So this is the result of panorama stitching two rows of six (6) vertical frames (12 in total). I’d placed my obelisk on my eventual right third with the arch of the milky way going across the middle.

I could see the clouds coming in fast so I only managed one set of frames before the clouds started taking over the sky.

Even still I kind of like the result of the long exposure streaky clouds being slightly lit by light pollution. It even looks like the milky way and the green airglow behind it is backlighting the clouds in the sky.

And those annoying tungsten street lights and house lights – what can I say… Awesome – looks like someone has fire bombing the cemetery with napalm. It’s all that can be done to hold back the horde of zombies scrambling out to get me!

Time to quickly exit this Zombie Apocalypse…

Green Airglow

A phenomenon I was aware of with taking night sky images is known as airglow. It’s actually pretty common but I hadn’t seen it strongly in many of my images thus far. The two images I took this night however had a very strong green airglow. It can be seen clearly here as the bright green in the sky above the clouds on the right side.

Airglow (also called nightglow) is a faint emission of light by a planetary atmosphere. In the case of Earth’s atmosphere, this optical phenomenon causes the night sky never to be completely dark.

Emerald green, and visible on dark nights everywhere on Earth, airglow pervades the night sky from equator to pole. Airglow turns up in our time exposure photographs of the night sky as ghostly aurora-like light about 10-15 degrees above the horizon. Its similarity to the aurora is no coincidence. Both form at around the same altitude of around 100 km and involve excitation of atoms and molecules. Unlike the aurora, airglow does not exhibit structures such as arcs and is emitted from the entire sky at all latitudes at all times.

A photochemical reaction occurs high in the atmosphere. Airglow is the result of various atoms, molecules and ions that get excited by ultraviolet radiation from the Sun and then release that energy as visible (& infrared) light when they return to their “normal” state. It’s not entirely unlike glow-in-the-dark toys :). Most of visible airglow comes from oxygen atoms and molecules, which glow green.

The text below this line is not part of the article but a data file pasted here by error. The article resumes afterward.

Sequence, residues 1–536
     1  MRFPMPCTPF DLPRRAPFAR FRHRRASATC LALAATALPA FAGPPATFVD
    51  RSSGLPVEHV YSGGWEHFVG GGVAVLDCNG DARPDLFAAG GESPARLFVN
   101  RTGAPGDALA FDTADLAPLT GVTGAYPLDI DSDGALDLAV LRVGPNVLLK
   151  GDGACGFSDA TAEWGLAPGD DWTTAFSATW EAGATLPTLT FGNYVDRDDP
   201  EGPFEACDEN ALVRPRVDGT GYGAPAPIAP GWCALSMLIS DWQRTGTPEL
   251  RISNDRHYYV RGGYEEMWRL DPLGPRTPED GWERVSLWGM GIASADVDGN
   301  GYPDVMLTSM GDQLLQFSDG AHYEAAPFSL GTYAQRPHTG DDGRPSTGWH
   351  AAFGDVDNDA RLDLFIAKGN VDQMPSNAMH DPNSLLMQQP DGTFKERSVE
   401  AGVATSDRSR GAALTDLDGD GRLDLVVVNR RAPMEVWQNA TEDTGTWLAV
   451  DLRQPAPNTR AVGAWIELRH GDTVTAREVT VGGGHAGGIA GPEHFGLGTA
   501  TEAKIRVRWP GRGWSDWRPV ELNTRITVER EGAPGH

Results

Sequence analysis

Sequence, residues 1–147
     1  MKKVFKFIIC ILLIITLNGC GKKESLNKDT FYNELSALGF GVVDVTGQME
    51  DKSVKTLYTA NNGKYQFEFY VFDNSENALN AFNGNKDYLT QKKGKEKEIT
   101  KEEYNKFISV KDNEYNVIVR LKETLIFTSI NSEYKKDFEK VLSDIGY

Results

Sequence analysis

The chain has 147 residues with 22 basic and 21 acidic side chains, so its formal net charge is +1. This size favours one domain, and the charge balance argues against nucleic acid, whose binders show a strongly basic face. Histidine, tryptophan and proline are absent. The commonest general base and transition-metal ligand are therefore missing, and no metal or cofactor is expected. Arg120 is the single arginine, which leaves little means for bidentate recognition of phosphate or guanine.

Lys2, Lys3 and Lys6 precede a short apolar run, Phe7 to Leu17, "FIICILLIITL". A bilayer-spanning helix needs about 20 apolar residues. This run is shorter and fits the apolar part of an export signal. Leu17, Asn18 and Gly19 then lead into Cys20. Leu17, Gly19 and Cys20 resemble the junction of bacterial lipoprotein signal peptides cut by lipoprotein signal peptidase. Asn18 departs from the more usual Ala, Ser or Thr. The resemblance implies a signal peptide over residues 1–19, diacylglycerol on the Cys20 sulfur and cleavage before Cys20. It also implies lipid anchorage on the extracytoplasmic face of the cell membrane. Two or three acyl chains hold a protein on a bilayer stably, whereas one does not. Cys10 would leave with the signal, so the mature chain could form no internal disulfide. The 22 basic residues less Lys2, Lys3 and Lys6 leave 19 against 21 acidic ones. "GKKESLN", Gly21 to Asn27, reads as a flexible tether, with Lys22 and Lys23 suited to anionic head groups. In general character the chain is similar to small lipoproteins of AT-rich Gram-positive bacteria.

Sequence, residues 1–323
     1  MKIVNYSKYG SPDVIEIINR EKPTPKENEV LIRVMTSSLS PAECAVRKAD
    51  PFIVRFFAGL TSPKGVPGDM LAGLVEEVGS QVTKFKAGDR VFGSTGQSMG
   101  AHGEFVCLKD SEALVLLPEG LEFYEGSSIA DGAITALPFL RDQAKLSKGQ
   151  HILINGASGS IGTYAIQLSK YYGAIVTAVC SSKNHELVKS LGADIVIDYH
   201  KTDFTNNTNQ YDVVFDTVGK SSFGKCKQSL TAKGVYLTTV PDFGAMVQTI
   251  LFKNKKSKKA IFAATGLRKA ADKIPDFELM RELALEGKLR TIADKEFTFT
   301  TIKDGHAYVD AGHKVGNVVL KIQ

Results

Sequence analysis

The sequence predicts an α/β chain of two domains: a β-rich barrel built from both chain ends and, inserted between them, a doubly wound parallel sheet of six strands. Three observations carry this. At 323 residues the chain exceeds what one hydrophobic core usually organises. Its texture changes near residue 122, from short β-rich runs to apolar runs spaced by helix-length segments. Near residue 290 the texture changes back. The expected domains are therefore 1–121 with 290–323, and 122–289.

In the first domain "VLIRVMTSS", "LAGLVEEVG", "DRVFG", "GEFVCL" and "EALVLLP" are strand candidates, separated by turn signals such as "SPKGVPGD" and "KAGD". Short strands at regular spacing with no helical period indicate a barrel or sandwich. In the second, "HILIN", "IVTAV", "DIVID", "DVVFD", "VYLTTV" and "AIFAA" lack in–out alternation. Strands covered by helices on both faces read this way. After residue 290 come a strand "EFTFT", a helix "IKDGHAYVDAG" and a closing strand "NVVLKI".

And as luck would have it, for me this bright green airglow just adds to the zombie feel of the whole scene :).

Focus Fail

There is something which you probably can’t see on these small for web versions of these images. It’s something I unfortunately didn’t notice till I got back to the house and was packing away my gear. The Samyang 14mm is a manual focus lens and I must have bumped the focus ring at the start and it was set to focus around 1m. This is too close when shooting wide open at f/2.8 and so the depth of field didn’t extend even to the midground let alone the stars.

So alas the stars and even the trees in the midground are out of focus :(. The images still look pretty good at screen resolution. However zoom in on the interactive 360˚ view or if I zoom to 100% on my stitched pano and it’s obvious. Sadly no printing of these images for me :).

As an FYI I’d normally set the focus to somewhere between 2 and 3m for these night shots with this lens. My handy DoF calculator says the Hyperfocal distances at f/2.8 for 14mm on my camera is 235cm so my usual guess was pretty spot on 🙂 – lucky no…

Folds in Space and Time…

A quick evening trip down to nearby Berry Island reserve for sunset. The folds and stripes throughout the sandstone along the waters edge around the island never ceases to amaze. It’s a lovely spot for a walk or to just chill out with the family and watch the sunset here on Sydney Harbour.

Excess Folds

Excess Folds

NIKON D750 + 16.0-35.0 mm f/4.0 @ 19 mm, 123 sec at f/9, ISO 100

It’s not technically an island anymore. It was originally one of Sydney’s Harbour Islands, but it is now connected to the mainland by a constructed isthmus. The area is now a council reserve, open to the public and there is an interpretive bushland walk, playground and picnic area at the site.

I’ve not seen any other areas along the harbour foreshore with such pristine striped sandstone as appears here.

Mount Hope Crescent…

Out alone in the dark once more… here on the road heading towards Mount Hope on the western side of town.